British companies installed a record number of public electric car chargers during 2022 as they raced to dominate a fast-growing and potentially lucrative market.
There were more than 8,700 public chargers installed in the UK during the year to 22 December, bringing the total available to more than 37,000, according to Zap-Map, a data company. That represented a 30% year-on-year increase, slower than the 38% annual growth in sales of battery electric cars during the year to November.
Boris Johnson’s government announced a target of 300,000 publicly available chargers by 2030, when the sale of new pure petrol or diesel cars will be banned. Year-on-year growth of 30% in the number of chargers installed would be enough to hit the target, although that would mean annual installations more than doubling to 19,000 by 2025 and accelerating from there.
Despite the scale of the challenge, many in the industry regard the 300,000 target as realistic, according to Ben Nelmes, chief executive of New Automotive, a thinktank. Charger companies have more investment coming in than they can put to work, but problems may remain where local authorities are slow to act, he said.
Chris Pateman-Jones, chief executive of Connected Kerb, which plans to install 190,000 on-street chargers by 2030, said he expected a further significant increase in charger numbers during 2023, but “much more needs to be done if the country is to be EV-ready for 2030”.
Local authorities need to install “hundreds, even thousands, of charging points in their area – not just a handful”, while central government also has a role to play in locations such as NHS sites, he said.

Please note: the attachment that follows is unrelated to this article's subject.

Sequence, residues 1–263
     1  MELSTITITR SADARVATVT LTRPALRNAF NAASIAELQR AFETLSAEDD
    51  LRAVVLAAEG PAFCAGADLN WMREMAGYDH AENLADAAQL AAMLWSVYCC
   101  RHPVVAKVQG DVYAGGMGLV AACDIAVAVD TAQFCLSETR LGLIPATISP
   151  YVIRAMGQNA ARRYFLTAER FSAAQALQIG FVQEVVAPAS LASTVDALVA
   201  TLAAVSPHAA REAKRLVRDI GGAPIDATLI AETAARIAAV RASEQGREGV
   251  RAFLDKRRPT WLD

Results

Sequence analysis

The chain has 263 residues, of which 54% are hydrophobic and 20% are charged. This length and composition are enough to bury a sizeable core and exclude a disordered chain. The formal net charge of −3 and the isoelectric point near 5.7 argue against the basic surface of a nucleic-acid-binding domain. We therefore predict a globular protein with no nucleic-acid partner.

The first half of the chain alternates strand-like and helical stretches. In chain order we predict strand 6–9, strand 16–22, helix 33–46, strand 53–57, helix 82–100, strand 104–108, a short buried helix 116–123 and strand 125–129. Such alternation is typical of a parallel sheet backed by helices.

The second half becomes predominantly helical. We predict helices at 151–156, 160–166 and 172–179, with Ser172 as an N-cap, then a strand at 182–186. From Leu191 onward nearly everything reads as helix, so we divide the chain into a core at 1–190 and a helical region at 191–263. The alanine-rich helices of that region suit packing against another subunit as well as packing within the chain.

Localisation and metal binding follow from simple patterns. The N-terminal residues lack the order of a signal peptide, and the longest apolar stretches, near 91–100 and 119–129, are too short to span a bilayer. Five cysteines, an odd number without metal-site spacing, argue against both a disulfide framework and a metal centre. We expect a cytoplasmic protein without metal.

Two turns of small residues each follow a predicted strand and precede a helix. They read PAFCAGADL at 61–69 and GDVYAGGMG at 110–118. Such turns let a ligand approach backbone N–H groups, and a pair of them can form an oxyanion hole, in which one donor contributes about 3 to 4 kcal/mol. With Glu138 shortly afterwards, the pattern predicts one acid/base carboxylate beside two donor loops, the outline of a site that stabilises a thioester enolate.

“Scale remains the greatest challenge facing the EV industry, but installing in the right places where there is the greatest need is also critical,” he said. “Collaboration between central government, local authorities, businesses and charging point operators is a prerequisite to unlocking the funding needed for a full transition, as is winning the hearts and minds of local communities about the benefits of electric vehicles.”
Some electric car owners reported queues for chargers between Christmas and the new year, during one of the busiest periods for long-distance journeys. However, Melanie Shufflebotham, Zap-Map’s co-founder and chief operating officer, said “en route” rapid and ultra-rapid chargers were “going in at a pretty good rate” with nearly 1,000 additions during 2022.
Rapid and ultra-rapid chargers are capable of delivering more than 25 kilowatts (kW) and more than 100kW of power respectively, adding as much as 200 miles of charge within half an hour.
The ultra-rapid market has attracted significant funding from companies including carmaker Tesla, Instavolt and oil companies Shell and BP. En route charging offers the promise of a steady stream of users willing to pay a premium for quicker top-ups – as well as a captive audience for shops and restaurants at the services.
However, Shufflebotham said the number of slower on-street chargers was growing “quite rapidly, but patchily”, in part because of very different approaches from local authorities.
In 2022, there were 7,000 new “slow” or “fast” chargers capable of up to 22kW. On-street chargers, which can charge cheaply overnight, will be crucial for the millions of households who lack private off-street parking.